- DWR Completes First Snow Survey of the Season
- State Water Project Allocations Off to a Dry Start
- California Partners with NASA’s JPL to Enlist Earth-Observing Satellite Data in Climate Change Efforts
- California American Water Refiles Coastal Commission Application for Water Supply Project
- BC Laboratories Fined for Delayed Reporting of Drinking Water Test Results
EPA Overhauls Lead and Copper Rule for First Time in Decades
For the first time in three decades, the federal government updated its Lead and Copper Rule (LCR).
The Environmental Protection Agency’s 409-page updated version requires water utilities to test for lead at schools and child-care facilities and establish a new “trigger level” for contamination at which systems must review their water treatment procedures and consult with state regulators on potential improvements.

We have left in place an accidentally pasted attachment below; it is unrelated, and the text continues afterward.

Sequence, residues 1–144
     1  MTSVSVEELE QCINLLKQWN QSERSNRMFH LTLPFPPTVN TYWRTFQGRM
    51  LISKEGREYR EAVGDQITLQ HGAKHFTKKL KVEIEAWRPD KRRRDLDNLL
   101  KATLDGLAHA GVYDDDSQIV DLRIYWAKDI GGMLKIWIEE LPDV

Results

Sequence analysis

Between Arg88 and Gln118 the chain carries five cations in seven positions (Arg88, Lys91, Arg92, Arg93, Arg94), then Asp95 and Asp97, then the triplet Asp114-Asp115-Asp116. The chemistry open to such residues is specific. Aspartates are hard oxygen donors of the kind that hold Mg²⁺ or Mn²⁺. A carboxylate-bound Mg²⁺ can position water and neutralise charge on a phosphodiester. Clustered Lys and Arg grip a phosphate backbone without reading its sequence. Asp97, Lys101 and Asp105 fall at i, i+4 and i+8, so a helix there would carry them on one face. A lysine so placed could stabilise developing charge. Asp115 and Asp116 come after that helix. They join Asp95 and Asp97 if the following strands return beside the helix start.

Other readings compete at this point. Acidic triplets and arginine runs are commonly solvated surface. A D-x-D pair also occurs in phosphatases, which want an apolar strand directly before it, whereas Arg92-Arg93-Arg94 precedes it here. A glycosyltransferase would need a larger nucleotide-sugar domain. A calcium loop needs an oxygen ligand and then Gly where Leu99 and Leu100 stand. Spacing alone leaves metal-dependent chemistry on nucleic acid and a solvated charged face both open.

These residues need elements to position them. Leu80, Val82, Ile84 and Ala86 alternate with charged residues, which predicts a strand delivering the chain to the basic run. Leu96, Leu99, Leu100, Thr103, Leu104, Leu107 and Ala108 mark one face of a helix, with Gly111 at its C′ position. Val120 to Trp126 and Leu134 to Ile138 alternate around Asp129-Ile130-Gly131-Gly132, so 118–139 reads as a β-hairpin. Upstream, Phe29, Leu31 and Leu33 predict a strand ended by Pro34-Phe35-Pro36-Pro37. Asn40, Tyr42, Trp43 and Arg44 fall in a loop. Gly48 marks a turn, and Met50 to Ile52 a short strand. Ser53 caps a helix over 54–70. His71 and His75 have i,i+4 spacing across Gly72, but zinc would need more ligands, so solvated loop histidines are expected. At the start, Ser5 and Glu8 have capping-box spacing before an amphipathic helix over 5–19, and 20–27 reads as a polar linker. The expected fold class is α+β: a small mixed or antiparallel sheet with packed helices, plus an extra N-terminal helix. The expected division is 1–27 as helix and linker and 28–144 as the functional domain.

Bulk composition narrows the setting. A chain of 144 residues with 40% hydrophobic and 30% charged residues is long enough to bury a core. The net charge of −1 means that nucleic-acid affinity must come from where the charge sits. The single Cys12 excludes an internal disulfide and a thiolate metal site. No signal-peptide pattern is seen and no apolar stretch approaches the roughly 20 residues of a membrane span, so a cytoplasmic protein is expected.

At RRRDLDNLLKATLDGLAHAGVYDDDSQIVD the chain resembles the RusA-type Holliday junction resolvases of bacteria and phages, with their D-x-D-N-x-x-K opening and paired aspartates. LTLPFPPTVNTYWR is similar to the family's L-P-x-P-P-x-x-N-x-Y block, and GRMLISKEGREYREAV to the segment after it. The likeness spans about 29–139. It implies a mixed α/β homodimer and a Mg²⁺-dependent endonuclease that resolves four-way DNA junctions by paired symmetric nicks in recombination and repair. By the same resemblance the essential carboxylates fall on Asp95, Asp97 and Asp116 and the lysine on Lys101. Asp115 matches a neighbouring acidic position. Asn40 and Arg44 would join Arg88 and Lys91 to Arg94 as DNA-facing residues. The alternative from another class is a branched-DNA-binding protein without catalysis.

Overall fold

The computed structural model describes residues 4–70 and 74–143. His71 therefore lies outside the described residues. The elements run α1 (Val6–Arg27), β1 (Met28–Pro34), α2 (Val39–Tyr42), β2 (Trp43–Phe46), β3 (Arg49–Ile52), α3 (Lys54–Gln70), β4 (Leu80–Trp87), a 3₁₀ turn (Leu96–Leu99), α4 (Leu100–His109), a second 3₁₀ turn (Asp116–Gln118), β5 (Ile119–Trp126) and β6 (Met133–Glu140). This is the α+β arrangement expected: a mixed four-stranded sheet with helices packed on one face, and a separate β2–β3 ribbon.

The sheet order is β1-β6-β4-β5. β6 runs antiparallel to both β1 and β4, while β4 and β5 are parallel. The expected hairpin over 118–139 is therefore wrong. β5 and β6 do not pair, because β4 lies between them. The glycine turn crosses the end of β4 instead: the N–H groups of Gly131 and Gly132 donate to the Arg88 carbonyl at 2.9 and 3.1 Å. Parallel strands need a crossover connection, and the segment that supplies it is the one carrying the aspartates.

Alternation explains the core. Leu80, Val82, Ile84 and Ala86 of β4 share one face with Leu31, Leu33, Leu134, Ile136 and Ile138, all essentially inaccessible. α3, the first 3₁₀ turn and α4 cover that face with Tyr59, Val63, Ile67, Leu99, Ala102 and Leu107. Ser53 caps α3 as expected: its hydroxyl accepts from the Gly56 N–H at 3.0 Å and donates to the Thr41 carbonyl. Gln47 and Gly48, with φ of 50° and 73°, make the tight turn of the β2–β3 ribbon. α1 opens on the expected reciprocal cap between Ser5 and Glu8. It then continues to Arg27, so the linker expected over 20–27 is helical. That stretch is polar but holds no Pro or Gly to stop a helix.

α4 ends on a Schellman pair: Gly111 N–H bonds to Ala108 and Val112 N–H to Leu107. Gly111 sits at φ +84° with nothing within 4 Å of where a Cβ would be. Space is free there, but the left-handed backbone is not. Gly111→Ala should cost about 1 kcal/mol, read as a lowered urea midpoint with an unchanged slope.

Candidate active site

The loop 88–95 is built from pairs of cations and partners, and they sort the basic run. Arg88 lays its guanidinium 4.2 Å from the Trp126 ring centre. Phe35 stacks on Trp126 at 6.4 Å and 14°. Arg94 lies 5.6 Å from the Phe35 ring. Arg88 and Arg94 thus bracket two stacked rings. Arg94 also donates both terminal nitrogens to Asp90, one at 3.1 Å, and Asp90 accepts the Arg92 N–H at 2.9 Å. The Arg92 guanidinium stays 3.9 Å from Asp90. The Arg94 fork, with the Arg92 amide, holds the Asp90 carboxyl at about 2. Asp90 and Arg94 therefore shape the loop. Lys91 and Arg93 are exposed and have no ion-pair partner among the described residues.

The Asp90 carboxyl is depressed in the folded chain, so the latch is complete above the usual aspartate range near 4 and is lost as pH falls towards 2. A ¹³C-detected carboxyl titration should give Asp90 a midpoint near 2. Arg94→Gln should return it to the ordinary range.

The EPA also said it will require water systems to create an inventory of lead service lines and to make those findings public. When a utility finds elevated lead levels, it now will have to notify homeowners within three days. Utilities will also have to develop assistance programs for low-income residents to remove lead pipes within their homes.
The EPA said it plans to publish the final text of the rule in the coming weeks. It will come into effect 60 days after publication in the Federal Register, and will start to be enforced about three years after that.